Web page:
Potty Training Seniors
In this section, we’re focusing on potty training and related issues for senior dogs who may be struggling with things like incontinence, arthritis, bladder stones, etc. If you’ve just adopted a healthy senior dog, then go by the above recommendations for training adults. The focus here is on age-related health problems that affect pottying routines rather than actual age.
As dogs get older, just like with people, some things don’t work as well as they used to. Dogs may develop incontinence, where they can’t control their bladder anymore and they pee inside without meaning to. In dogs with painful conditions such as untreated arthritis, there may be less discomfort for them in peeing where they are than in walking all the way to the door and outside, especially if they have to go up or down stairs.
If your dog has arthritis, a hip injury, or paralysis of the hind limbs, towel walking is a great way to help him or her potty outside with a little help. Take a towel and wrap it under your dog’s hips/inguinal area so that you can hold the towel ends above the dog’s back and lift its rear end with the towel.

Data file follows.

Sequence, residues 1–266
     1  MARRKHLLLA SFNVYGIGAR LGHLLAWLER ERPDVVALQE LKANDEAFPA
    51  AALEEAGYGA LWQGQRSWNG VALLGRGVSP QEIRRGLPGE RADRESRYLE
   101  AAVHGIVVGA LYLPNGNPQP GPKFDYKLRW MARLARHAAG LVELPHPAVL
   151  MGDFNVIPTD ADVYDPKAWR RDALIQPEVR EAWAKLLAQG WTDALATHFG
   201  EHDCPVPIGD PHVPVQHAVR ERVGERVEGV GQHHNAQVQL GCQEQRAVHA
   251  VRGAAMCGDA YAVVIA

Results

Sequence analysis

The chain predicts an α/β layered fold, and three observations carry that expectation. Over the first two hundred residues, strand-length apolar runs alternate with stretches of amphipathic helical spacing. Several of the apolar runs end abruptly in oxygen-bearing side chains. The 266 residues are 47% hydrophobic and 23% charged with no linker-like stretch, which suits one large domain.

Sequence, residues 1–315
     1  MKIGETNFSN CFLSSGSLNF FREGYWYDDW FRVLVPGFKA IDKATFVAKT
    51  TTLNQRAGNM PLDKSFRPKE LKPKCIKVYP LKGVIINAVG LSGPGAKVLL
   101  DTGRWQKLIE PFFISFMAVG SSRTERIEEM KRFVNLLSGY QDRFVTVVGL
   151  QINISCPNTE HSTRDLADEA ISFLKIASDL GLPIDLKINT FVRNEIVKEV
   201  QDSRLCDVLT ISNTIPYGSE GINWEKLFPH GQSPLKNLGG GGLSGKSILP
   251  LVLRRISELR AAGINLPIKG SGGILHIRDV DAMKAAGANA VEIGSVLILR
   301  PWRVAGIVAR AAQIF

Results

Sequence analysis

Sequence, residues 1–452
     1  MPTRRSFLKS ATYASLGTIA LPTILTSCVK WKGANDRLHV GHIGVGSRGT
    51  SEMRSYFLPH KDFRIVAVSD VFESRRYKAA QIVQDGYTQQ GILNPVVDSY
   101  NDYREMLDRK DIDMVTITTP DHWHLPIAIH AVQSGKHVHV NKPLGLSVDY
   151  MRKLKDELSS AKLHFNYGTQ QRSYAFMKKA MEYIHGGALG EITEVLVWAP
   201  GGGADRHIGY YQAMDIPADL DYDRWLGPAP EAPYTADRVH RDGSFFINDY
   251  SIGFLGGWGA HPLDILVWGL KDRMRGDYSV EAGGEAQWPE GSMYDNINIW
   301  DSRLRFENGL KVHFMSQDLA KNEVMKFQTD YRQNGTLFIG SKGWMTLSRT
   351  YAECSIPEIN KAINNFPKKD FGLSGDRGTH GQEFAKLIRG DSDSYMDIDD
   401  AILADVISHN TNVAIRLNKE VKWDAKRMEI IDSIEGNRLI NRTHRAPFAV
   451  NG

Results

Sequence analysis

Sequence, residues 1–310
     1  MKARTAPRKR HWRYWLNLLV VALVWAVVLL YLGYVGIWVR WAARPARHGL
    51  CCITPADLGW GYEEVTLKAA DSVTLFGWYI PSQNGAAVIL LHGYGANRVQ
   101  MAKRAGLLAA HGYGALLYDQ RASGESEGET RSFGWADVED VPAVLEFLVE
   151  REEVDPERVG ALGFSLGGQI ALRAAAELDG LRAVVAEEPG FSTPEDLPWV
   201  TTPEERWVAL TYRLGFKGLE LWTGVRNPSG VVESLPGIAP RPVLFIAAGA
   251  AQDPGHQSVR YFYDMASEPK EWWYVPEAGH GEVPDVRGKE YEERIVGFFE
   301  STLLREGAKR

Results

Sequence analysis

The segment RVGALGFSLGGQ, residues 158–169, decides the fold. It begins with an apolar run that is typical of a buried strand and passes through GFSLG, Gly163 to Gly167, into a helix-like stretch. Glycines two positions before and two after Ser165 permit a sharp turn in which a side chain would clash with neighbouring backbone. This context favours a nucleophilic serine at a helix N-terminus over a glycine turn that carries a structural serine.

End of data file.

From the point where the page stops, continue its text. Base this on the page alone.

This can be slightly more challenging with male dogs. If your towel is so thick that it covers too much and ends up soaked with urine, consider using a thinner towel or cutting your towel into strips so that there are fewer folds to get in the way. Just keep enough fabric present to cushion the skin and avoid causing irritation.
Acceptable Indoor Potty Places
If your dog can’t hold it throughout the night or the workday anymore, you may need to provide an appropriate area for potting inside. If your dog has never been exposed to potty pads before but is used to grass, consider getting an astroturf-like indoor potty area like what they have in airports. These look like grass put are made of plastic and are easy to clean.
Dogs can also learn to potty in a cat litter box. Usually, this works best for small dogs, but if your large breed dog is used to pottying in sand or dirt rather than grass, consider getting a large container (even a small child’s sandbox if necessary) and filling it with cat litter so that your dog can potty in that.